Nevada’s constitutional telegraph didn’t really travel. It kinda skipped. Telegraph wires couldn’t send the constitutional beeps all the way to Washington in just one shot. So the beeps were sent by a bunch of operators in Carson City to another operator in Salt Lake City, then another bunch of operators in Chicago, then another bunch of operators in Philadelphia. With so many operators listening to tens of thousands of beeps, translating, and scribbling, there was a lot of room for error. In fact, the Virginia Daily Union reported that an operator could only last about three minutes before getting tired of listening to beeps and tapping and scribbling. Despite the number of operators and fatigue, there aren’t that many errors. This big messy constitution, touched by so many hands, that gave birth to the state, is like the birthmark that makes Nevada different.
Nevada’s constitutional telegraph was the perfect opportunity to try out the art of fake news that hadn’t been perfected yet. It was the longest government document ever sent by telegraph. The length was so unbelievable that people just made up stuff up about it, and the news reported it. The Virginia Daily Union wrote that “a critical friend at our elbow,” said the constitution was just 15,000 words and that it was impossible to transmit such a huge document to Washington DC, so that friend didn’t believe the “yarn” or story.
Fake news was a tactic used to get people talking about the fake thing so that people would be interested in reading the truth, which is much less interesting. Three days later, the Union ran another detailed story correcting the unnamed source and declared the sending of Nevada’s constitution by telegraph was “THE EXACT TRUTH.”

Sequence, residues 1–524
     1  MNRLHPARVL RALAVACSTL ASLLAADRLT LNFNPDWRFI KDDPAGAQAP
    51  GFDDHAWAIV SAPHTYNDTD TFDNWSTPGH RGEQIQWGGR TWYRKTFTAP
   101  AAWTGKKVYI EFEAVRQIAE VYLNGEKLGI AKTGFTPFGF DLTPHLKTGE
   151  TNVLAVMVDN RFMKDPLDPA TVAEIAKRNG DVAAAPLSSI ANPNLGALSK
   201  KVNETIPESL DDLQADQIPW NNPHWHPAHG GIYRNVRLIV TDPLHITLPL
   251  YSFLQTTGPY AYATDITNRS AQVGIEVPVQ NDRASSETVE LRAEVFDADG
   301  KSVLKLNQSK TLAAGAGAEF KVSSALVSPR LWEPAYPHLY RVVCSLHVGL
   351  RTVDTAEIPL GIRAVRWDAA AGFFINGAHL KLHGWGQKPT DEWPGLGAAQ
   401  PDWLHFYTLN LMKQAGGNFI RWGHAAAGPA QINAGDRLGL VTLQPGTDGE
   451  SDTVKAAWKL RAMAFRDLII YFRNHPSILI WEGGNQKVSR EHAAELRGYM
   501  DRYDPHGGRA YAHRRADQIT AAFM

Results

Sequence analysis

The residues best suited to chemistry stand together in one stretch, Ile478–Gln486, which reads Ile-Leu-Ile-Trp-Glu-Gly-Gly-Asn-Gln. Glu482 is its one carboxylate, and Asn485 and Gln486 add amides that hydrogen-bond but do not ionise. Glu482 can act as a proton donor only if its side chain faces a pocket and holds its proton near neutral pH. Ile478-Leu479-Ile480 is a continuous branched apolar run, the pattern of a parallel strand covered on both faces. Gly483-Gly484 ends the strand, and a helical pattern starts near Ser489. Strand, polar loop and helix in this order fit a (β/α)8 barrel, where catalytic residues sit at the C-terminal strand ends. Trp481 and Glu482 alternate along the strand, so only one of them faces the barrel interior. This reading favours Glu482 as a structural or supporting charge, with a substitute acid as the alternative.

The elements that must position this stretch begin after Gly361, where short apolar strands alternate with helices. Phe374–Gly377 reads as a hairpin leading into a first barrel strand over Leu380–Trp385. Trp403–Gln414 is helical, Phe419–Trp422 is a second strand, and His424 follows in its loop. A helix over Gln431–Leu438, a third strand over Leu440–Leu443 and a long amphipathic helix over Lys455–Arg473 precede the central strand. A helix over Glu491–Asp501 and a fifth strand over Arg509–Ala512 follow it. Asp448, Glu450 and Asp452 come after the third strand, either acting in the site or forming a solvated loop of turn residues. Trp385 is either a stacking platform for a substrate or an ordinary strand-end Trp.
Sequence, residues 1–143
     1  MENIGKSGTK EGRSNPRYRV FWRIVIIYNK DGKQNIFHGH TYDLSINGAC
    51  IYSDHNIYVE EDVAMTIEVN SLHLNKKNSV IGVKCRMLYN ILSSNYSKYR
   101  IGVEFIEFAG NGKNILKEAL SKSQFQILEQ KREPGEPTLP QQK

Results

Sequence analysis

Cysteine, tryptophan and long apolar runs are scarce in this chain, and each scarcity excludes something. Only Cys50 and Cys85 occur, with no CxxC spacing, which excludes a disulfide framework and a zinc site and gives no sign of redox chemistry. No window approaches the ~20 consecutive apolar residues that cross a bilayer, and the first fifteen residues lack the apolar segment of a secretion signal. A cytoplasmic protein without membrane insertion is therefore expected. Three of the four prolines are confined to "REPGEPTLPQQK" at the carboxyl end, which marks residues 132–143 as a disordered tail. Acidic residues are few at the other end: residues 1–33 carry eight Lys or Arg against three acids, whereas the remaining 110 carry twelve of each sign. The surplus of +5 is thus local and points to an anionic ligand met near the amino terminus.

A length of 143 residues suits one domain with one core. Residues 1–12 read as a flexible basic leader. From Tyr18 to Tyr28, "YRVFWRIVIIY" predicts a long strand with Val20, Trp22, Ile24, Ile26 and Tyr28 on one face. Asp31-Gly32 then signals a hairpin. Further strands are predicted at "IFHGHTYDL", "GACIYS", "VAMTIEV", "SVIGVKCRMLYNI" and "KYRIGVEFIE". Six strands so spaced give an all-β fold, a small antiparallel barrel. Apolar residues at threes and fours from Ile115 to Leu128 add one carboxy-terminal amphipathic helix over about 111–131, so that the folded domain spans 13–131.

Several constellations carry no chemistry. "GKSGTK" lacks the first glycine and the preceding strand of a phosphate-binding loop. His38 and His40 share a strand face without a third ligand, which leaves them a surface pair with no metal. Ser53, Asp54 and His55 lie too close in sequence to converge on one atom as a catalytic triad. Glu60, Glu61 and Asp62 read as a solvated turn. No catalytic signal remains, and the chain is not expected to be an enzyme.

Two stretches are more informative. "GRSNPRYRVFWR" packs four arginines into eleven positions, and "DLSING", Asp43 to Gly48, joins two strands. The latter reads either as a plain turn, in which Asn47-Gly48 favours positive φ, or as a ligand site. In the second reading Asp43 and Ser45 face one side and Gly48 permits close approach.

Using the military for political purposes
People are worried today that the military could be called in by the president to quell election unrest and somehow sway the election. Nevada’s constitutional telegraph adventure shows that the military can play a more subtle role in our elections. The military played an indirect role in the outcome of the election by suspending war communications just so that a document could be sent that would create a state and give two electoral votes to support the election of Lincoln.
Presidential powers to influence the election
Around the world, voters worry that leaders will use their power to stay in power. America is not immune, and Nevada’s statehood is an example. Nevada had voted to join the union in 1864, but the president hadn’t admitted us yet. Jeffrey Kintop, Nevada State Archives Manager, wrote in 2009 that the national elections were part of the reason for the urgency of sending Nevada’s constitution over telegraph. It was such a priority, Kintop wrote, that the U.S. War Department suspended all other telegraphs at a time of war to get this document to the president so that Nevada could be declared a state.
Nevada only had three delegates, so that wouldn’t have much of an impact on the results of the election. It’s not clear who made the call to suspend war messages in a time of war to get Nevada’s constitution. But if it was Lincoln, pushing a territory through to statehood in the 11th hour of an election to get more votes, it could be seen as using presidential power to influence the outcome of re-election.